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Steve Aschburner

After a dismal Game 1, Indiana's Danny Granger will need to be more assertive in Game 2.
Nathaniel S. Butler/NBAE via Getty Images

Granger hopes to apply lessons learned from Game 1

Posted May 15 2012 11:47AM

MIAMI -- Danny Granger lived through one of those playoff nightmares in Game 1 against the Miami Heat on Sunday. The Indiana Pacers' acknowledged leader and best player, Granger shot the basketball 10 times and missed nine. He scored 11 points below his season average in a game Indiana lost by nine. He saw the man he was guarding, LeBron James, explode for 26 points in the second half as if no one was guarding him.

So afterward, Pacers coach Frank Vogel apologized to Granger.

Wait, what? Vogel apologized to Granger? When a seven-year veteran and one-time All-Star looks like a rookie in the biggest game of his pro career, you might have expected the mea culpa coming from the other direction.

But no, this was Vogel seeking out Granger.

"I did. Absolutely," Vogel said after practice Monday. "Any time a guy ... y'know, this is a big stage, he's our leading scorer. I've got to share some responsibility for making sure he's involved in that."

Granger also referred to himself as a "decoy" in his team's attack against Miami, which had a vaguely Randy Moss-ish sound to it. Typically, a decoy wouldn't get 10 shots. But the Pacers focused heavily in their early game plan on getting Roy Hibbert and other teammates going offensively -- Granger took only three shots in the first half (tied for sixth-most on his squad, as long as we're counting) and was scoreless. And it wasn't even a bad strategy, since the Pacers were up 48-42 by then and Granger's man, James, had scored only six points.

But in the third quarter, with Miami's Chris Bosh down and out with an abdominal strain, the Heat looked more to James and cohort Dwyane Wade. That put Granger even more to work, chasing the league's newly minted Most Valuable Player and banging into and through pick and rolls, sometimes two or three on the same shot clock.

At the other end, Granger tried to get busy, too -- he finally scored at 7:24 on a long 3-pointer and got to the line for four points near the quarter's end. But the rest of the way? Disastrous.

James romped for 16 more points in the final 12 minutes. Granger? He went 0-for-4, no free throws. At one point, Vogel subbed in Paul George for Granger. But the second-year guard didn't just look like a rookie Sunday, he looked like a rookie deer playing his first NBA game in the headlights. A slam dunk contestant in February, George was tentative going to the rim in Game 1, bound up by Indiana's and his own foul trouble.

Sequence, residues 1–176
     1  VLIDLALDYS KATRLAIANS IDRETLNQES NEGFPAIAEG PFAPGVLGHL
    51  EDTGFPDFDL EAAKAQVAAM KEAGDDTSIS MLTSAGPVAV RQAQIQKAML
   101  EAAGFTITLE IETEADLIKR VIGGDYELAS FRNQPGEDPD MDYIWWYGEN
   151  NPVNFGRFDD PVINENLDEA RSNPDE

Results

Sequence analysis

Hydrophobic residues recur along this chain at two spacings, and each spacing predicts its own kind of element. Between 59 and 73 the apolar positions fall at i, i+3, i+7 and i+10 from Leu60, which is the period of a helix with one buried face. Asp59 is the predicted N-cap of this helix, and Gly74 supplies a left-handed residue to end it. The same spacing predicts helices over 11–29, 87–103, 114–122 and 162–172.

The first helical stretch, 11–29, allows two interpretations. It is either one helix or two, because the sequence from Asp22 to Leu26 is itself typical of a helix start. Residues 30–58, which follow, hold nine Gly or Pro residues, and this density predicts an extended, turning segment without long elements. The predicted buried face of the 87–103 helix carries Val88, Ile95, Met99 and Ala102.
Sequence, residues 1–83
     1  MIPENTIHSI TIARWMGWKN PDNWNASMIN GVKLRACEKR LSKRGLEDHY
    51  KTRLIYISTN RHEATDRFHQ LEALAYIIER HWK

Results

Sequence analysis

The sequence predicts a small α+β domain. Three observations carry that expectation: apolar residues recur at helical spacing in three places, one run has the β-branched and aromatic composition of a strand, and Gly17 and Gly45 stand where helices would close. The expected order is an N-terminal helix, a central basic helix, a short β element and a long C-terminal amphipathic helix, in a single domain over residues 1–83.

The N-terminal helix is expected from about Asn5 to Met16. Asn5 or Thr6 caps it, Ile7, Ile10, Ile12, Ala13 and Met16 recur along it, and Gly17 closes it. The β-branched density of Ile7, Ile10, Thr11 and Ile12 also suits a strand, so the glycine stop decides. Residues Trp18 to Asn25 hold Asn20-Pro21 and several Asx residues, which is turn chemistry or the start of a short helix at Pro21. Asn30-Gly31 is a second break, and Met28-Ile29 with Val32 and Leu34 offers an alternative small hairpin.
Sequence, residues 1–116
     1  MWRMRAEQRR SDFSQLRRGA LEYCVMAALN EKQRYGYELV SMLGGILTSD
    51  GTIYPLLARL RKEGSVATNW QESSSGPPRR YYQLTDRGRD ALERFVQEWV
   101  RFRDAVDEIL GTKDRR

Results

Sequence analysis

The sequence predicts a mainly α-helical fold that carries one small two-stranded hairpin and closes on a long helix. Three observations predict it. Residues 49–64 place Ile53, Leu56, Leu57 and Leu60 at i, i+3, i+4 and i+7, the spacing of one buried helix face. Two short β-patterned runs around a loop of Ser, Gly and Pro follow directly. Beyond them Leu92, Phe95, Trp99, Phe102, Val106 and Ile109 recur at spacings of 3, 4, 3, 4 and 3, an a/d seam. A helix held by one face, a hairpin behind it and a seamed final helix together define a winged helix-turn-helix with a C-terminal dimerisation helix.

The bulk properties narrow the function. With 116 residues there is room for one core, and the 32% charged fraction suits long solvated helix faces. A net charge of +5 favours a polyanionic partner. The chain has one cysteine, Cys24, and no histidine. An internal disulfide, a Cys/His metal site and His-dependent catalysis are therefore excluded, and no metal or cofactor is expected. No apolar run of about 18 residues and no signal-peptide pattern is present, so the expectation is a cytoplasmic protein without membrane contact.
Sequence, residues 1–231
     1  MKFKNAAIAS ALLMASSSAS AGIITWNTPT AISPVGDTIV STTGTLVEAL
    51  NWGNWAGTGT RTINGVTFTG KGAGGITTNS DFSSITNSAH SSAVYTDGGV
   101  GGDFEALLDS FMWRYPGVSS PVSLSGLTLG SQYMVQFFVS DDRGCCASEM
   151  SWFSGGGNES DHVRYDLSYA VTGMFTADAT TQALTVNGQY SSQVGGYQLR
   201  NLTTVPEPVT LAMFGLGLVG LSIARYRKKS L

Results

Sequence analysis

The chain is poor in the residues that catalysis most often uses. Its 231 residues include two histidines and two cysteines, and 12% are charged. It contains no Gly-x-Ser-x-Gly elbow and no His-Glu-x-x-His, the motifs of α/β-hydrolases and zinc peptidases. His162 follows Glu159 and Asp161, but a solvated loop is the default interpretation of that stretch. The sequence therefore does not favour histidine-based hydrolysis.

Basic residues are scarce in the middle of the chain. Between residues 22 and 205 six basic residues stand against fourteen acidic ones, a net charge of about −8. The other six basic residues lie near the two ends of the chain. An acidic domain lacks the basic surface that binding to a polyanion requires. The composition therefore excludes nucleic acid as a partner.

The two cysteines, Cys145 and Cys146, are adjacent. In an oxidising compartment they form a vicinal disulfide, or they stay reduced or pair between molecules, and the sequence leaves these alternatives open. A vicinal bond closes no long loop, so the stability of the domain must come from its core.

But the Pacers would be happy if George could just assert himself defensively in this series, his wingspan and quickness making him an excellent match for Wade and/or James (George's lack of experience is not so excellent). Granger, 6-foot-9 and 29 years old, seems willing to sacrifice his offense in this series, too, if that's what it takes to properly slow down James. But that would be too great a price for Vogel and their team to pay.

They need Granger to make James expend at least a little energy on the defensive end and maybe pick up a couple of quick fouls. They need him to be ... well, not necessarily a volume shooter or 25-a-night scorer, but a solid two-way player and the guy who leads his club out of darkness down the stretch.

"At times, that will be myself or [David West]," Granger said. "But for the most part, our team is ... it's really fun. We're so talented, we're really talented. We go eight deep. We've got two starting point guards. Tyler Hansbrough would probably start on other teams. We're so talented, we don't have to force the issue into one spot, because a lot of guys can make plays."

Two deep, however, can become too deep if no one shoulders the responsibility. What was last team to win an NBA title without an MVP-caliber or obvious future Hall of Famer? OK, then how 'bout before Detroit in 2004? Can it be done?

"Yeah, I think it can," Granger said. "It just depends on if everyone knows their role and everyone plays their role to the best of their abilities. You have guys to score, you have guys to rebound, you have guys for defense, you have hustle guys. Everyone has to play those roles more effectively when you don't have a Kevin Durant on your team or a Kobe Bryant."

Granger isn't one of those guys. He's not a superstar and, lest he ever forget that, he's constantly reminded of that on Indianapolis radio show and Internet comment boards. But Granger is the closest thing Indiana has to a star, and on the road in the playoffs, teams rise or fall on their stars' performance. At the very least, he must be first among equals on the deep, democratic Pacers.

So his teammates will be looking to him. James and Shane Battier, who defended and rarely left Granger's side Sunday, said they are expecting more activity and resolve from him. That leaves Vogel and Granger, who want to make it up to each other -- the coach by orchestrating more movement in his offense, the player by asserting himself and communicating on the floor better -- so they can deal in congratulations after Game 2 rather than apologies.

"It's not brain surgery," Granger said. "Once you look at the tape, all the answers just pop into your head. We'll figure it out."

Steve Aschburner has written about the NBA since 1980. You can e-mail him here and follow him on twitter.

The views on this page do not necessarily reflect the views of the NBA, its clubs or Turner Broadcasting.

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